I wrote down three things I am grateful for this morning.
I feel happy.
I ate breakfast.
I spoke lovelies to my partner.
I have MOD II of III for iPEC© training. I am super excited and looking forward to breaking some serious ground for myself. I am even more excited that I planned Monday to be a beach day. I am living life completely different ever since I began this coaching program back in July.
These are all “I” statements but not the ones I wanted to speak on.
Visualize with me. You have a situation that didn’t pan out warm and fuzzy. You acted on your emotions when you got into a heated discussion with someone. Think of what that person looks like and who they are. What did you feel? What emotions came up for you? Under what pretenses did you say what you say? What unspoken communication did you opt for? Hold onto these thoughts and consider your responses for later in this article. For now, something amusing and relate-able.
There was a relationship niche webinar for school which I attended last week and I still feel laughter waiting to bubble up. What the trainer shared was a snippet of their coaching session. They recounted an early client case involving a couple. Ground rules were established to use “I” statements communicating dissatisfaction with the client’s partner’s behavior rather than their character. The client says to their partner, “You are a jerk for not taking out the trash.” The coach said, “Please reframe that in the form of an ‘I’ statement and remember to comment on their behavior rather than their character.” Client says, “I feel like you are a jerk for not taking out the trash.” Unbeknownst to everyone in attendance of the webinar, I burst out laughing and it felt great. I really appreciate the story the trainer shared and it really spoke to me because I have done the exact same thing that client had done! I do that all the time: attack someone’s character and place the blame on them for getting me in my feelings.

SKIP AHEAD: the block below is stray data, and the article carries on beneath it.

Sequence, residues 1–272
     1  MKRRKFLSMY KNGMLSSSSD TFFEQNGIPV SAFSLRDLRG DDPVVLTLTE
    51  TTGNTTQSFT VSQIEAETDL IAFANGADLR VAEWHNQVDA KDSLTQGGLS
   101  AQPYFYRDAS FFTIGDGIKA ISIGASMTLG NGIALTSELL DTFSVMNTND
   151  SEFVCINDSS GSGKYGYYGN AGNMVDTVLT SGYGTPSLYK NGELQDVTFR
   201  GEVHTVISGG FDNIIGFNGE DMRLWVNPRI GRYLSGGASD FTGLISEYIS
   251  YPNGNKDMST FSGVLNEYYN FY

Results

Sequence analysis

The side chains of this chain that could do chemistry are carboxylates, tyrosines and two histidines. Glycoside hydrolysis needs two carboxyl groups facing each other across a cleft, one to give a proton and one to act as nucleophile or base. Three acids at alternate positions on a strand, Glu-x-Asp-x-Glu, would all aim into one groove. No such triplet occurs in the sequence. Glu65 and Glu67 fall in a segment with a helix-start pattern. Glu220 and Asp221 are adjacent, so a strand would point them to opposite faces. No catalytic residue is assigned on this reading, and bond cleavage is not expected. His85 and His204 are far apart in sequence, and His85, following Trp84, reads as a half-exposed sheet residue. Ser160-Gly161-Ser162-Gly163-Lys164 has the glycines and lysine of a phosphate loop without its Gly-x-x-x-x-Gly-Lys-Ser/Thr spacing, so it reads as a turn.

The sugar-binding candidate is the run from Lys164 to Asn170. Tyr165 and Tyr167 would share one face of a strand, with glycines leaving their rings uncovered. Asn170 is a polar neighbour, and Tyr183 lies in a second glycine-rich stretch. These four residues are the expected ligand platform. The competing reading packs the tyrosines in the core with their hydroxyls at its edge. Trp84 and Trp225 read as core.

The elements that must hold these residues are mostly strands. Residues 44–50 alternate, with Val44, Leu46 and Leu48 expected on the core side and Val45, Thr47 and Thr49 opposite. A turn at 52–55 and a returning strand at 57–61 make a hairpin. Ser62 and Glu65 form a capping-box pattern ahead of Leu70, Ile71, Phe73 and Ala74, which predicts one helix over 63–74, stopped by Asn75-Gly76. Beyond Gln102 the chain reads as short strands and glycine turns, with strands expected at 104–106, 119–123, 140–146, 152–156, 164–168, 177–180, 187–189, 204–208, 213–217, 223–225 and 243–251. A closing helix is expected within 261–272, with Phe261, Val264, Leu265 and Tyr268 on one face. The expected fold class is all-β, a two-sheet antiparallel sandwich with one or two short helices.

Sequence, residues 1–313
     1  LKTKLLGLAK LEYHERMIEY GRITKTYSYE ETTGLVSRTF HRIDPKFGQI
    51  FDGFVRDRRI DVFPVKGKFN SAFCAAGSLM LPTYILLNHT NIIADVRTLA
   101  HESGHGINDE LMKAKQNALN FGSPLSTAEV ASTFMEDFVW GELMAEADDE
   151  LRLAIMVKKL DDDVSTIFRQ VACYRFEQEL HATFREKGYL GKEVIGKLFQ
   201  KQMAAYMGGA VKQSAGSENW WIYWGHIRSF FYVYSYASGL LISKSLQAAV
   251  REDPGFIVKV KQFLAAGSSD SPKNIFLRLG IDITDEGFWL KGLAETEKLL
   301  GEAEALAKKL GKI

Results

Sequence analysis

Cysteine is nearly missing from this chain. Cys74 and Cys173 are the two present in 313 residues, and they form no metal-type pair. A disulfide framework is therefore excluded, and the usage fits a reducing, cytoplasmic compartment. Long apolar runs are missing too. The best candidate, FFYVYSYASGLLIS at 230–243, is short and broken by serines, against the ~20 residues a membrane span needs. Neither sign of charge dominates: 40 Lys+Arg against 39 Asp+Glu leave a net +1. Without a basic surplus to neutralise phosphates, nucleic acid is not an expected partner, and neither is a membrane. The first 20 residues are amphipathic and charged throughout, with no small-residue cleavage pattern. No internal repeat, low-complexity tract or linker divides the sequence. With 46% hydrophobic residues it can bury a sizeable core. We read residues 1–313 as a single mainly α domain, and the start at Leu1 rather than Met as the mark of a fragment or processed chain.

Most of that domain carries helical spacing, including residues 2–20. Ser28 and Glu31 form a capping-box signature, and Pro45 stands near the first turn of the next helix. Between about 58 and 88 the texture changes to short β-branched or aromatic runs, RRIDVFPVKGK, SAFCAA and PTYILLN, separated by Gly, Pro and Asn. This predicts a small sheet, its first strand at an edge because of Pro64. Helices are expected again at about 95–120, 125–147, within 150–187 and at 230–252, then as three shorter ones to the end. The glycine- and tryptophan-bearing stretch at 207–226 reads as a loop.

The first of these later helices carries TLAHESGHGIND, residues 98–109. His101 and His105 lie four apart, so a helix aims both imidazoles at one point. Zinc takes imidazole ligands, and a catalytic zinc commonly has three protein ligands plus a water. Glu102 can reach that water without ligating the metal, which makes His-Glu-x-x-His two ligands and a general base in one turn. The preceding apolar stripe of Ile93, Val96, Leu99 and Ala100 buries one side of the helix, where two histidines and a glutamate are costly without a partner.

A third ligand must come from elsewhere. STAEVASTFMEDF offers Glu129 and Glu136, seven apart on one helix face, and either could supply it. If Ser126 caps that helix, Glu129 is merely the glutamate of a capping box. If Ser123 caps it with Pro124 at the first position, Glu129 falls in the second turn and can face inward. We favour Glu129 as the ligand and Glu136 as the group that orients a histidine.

The order of operations that we are taught is to immediately react and if the other person doesn’t acquiesce to our dissatisfaction or unspoken communication, we want to cut ties. Well, what if I asked you what brought you to feel the way you do? What emotions are coming up for you when in the heat of the moment? What is really pushing your buttons here? Get ready to retrieve your visualization from earlier.
A couple I coached when I first started would point fingers and place blame and state that the other person is doing ‘this’ instead of doing ‘that’ because ‘that over there.’ I ask, “How do you know this is true?” Sometimes, we do not realize that we are ignoring what is right in front of our face: we do not actually know because we do not ask. Recall what you envisioned early on in this article. Consider applying this procedure and re-envision how the interaction turns out:
- Reframe your thought and speak it into existence: When ______________ happens, I feel _________________________.
- I would like more/ less of(less / more of) ________________________ from you because __________________.
General ground rules can be openly discussed and there is absolutely no shame in communicating expectations. Having expectations is normal and being attached to outcomes of those expectations not being met is what we have all experienced; it is not a comfortable place to be in and it is completely understandable why you may be feeling disappointment and frustration.
When it boils down to it, what could YOU be doing more of and what could you be doing less of? What is it costing you to ignore, blame or cut off another person? Using “I” statements and emphasizing a behavior you or another as being a block for you can shift your perspective and see what is actually going on.